The American Way of Birth by Jessica Mitford, Paperback | Barnes & Noble
The American Way of Birth

The American Way of Birth

by Jessica Mitford
     
 

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This provocative book shows how & in what circumstances Americans give birth. It is not about the miracle of life, but about the role of money & politics in a lucrative industry; a saga of champagne birthing suites for the rich, & desperate measures for the poor. It is a colorful history — from the torture & burning of midwives in medieval times, through the

Overview

This provocative book shows how & in what circumstances Americans give birth. It is not about the miracle of life, but about the role of money & politics in a lucrative industry; a saga of champagne birthing suites for the rich, & desperate measures for the poor. It is a colorful history — from the torture & burning of midwives in medieval times, through the absurd pretensions of the modest Victorian age, to this centurys vast succession of anesthetic, technological, & natural birthing fashions. And it is a comprehensive indictment of the politics of birth & national health. Explores conventional & alternative methods.

Editorial Reviews

Publishers Weekly - Publisher's Weekly
Mitford ( The American Way of Death ) interviewed obstetricians, midwives and antenatal and postnatal mothers for this journalistic probe of how Americans are born. In graceful prose she relates our appalling infant mortality rate to the obstacles poor women face in finding prenatal care and decent hospital treatment. After reviewing the potential hazards of obstetrical forceps, electronic fetal monitoring and diagnostic ultrasound, Mitford discusses the complications mothers often face after having a cesarean section and examines the financial and legal motives behind doctors' widespread performance of these largely unnecessary procedures. She takes readers on a grand tour of the midwifery scene, from a Bronx center for low-risk women to a Californian context in which the medical establishment harasses home-birth midwives with police break-ins. In an epilogue Mitford documents hospital routines and deceptive overbilling, criticizes the American Medical Association's powerful lobby, which squelches healthcare reform, and reviews efforts to pass a Canadian-style national health insurance bill that would eliminate the profiteering of U.S. hospitals and doctors. First serial to Good Housekeeping. (Nov.)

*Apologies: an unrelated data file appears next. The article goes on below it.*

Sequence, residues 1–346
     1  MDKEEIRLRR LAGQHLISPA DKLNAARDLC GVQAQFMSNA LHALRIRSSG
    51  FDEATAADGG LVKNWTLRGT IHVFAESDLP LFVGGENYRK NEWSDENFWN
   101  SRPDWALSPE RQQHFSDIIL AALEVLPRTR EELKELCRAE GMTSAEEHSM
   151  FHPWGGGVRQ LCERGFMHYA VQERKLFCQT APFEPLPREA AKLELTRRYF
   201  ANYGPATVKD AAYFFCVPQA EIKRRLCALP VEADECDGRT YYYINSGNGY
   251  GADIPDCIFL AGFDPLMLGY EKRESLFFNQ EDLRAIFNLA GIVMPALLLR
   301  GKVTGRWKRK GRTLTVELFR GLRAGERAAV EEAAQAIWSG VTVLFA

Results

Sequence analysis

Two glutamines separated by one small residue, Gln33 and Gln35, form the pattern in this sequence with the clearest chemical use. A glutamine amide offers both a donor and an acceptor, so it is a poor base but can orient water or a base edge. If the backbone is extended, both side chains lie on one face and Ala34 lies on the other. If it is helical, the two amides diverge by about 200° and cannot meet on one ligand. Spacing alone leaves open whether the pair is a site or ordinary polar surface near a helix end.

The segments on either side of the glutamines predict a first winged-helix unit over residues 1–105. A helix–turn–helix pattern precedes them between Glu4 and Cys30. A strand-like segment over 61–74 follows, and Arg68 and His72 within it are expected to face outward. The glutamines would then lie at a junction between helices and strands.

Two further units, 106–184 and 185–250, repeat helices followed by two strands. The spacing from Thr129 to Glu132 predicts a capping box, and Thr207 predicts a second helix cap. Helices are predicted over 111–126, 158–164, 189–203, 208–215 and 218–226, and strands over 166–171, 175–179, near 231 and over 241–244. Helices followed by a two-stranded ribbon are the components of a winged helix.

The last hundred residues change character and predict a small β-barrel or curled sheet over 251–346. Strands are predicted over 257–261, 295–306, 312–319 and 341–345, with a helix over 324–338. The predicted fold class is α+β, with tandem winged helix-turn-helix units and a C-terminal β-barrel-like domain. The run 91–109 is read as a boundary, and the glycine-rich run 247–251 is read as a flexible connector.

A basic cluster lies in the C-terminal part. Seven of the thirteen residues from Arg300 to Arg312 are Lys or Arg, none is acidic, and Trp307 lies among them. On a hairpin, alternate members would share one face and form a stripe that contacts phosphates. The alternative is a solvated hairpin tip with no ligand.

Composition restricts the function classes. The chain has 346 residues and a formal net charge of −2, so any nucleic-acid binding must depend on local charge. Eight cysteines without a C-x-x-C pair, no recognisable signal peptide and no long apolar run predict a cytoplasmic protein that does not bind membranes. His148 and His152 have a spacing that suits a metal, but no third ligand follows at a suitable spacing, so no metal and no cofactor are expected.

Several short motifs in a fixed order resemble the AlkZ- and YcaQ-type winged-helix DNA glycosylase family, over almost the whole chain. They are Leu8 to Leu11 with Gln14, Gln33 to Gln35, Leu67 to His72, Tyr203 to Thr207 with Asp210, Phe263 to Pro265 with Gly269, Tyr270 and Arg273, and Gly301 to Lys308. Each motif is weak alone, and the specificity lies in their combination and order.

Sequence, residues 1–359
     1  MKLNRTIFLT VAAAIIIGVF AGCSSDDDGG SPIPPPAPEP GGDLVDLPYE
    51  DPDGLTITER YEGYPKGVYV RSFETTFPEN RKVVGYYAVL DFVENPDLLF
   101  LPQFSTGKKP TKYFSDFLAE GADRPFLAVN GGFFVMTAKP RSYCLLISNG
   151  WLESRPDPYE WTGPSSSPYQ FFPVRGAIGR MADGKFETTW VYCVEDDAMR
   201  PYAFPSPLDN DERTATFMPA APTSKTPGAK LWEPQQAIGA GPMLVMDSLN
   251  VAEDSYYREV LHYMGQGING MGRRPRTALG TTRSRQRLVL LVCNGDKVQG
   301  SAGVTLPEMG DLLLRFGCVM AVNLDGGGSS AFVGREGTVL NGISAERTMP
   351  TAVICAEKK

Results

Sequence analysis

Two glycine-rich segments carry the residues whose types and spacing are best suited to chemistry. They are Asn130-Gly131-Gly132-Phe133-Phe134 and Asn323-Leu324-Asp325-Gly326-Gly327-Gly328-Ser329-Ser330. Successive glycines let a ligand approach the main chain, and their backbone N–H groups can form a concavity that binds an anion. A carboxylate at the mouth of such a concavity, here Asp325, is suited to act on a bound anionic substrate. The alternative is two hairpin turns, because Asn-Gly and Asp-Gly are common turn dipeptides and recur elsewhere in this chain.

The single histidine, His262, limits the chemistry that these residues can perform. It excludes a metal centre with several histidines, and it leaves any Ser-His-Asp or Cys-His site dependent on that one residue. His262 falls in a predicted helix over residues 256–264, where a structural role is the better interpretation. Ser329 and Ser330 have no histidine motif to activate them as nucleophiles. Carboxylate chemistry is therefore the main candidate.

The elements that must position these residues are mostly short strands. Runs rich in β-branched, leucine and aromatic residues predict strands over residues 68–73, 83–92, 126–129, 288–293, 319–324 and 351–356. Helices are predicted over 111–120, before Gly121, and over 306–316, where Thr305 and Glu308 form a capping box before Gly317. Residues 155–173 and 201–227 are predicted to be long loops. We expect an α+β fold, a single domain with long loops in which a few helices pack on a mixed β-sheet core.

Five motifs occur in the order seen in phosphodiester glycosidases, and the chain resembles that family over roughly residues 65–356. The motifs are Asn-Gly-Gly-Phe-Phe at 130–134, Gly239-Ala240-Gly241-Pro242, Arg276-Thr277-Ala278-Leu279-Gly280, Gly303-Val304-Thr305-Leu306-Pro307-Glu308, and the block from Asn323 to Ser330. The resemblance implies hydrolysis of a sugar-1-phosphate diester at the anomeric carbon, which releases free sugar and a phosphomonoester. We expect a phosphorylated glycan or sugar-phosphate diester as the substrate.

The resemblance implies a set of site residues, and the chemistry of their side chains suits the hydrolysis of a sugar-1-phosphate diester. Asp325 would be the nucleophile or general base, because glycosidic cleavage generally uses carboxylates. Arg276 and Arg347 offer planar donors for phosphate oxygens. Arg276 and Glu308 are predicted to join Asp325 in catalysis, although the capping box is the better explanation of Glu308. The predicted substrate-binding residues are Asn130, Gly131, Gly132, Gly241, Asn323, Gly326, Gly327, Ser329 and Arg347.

Library Journal
Mitford's probe into American obstetrics as well as the hospitals, clinics, and welfare agencies that supervise the prenatal care and births of American babies results in an indictment of the medical practices surrounding something that should not make us sick--giving birth. She also broaches the broader subject of the healthcare system or lack thereof, which governs much of American behavior surrounding the individual's own healthcare practices or failure to seek it out. Although her book is mostly anecdotal and meant to be read as if she were speaking to us directly, her attempt to be witty is annoying. Furthermore, much of the content lacks focus and will have difficulty holding the reader's attention from beginning to end. For a more engaging analysis of American birth practices, see Robbie E. Davis-Floyd's Birth as an American Rite of Passage ( LJ 8/92). For public libraries only. Previewed in Prepub Alert, LJ 7/92.-- Patricia Sarles, Mt. Sinai Medical Ctr. Lib., New York
Kirkus Reviews
From the author who 29 years ago roasted the funeral industry in The American Way of Death: a witty, pungent, comprehensive look at the frequently unfortunate practices that guide how American babies are born. The struggle over abortion has overshadowed many other issues that affect American women. Twenty years ago, giving birth was high on the list of women's concerns. Natural childbirth, Lamaze, midwives, birthing clinics for normal deliveries, even home births were widely discussed and practiced by many pioneering women. Surgical techniques, including Cesareans and episiotomies, were questioned, and often scorned. Mitford's telling investigation of American birthing practices today reveals that little has changed, and that in some cases things are worse. For instance, the infant mortality rate in the US puts it 24th among industrialized Western nations—a rate that could quickly be reduced if out-of-control hospital and doctor costs were reallocated to prenatal care. If this book doesn't pack the surprises that Mitford's expos‚ of funeral homes did, it's only because the issues have been in the air for so long. What Mitford brings to them are hard numbers, revealing interviews, and astute observations, pointing the finger at practices like speeding up normal labor to accommodate the doctors, not the mothers. Or at midwives who are driven out of practice because doctors and hospitals refuse them backup (a throwback, Mitford wonders, to the medieval view of midwives as witches?). And, of course, poor and uninsured women, often most in need of superb medical care, who are treated at best offhandedly, at worst with actual cruelty. Informed choice is the course Mitfordrecommends—but the choices must be available. An epilogue reviews the rocky history and problematic future of some form of universal health insurance for the US. Indispensable for prospective parents who may discover that they can just say no to doctor-dictated birth practices and can prescribe their own terms for having a baby.

Product Details

ISBN-13:
9780452270688
Publisher:
Penguin Publishing Group
Publication date:
11/01/1993
Pages:
352
Product dimensions:
7.00(w) x 5.00(h) x 1.00(d)

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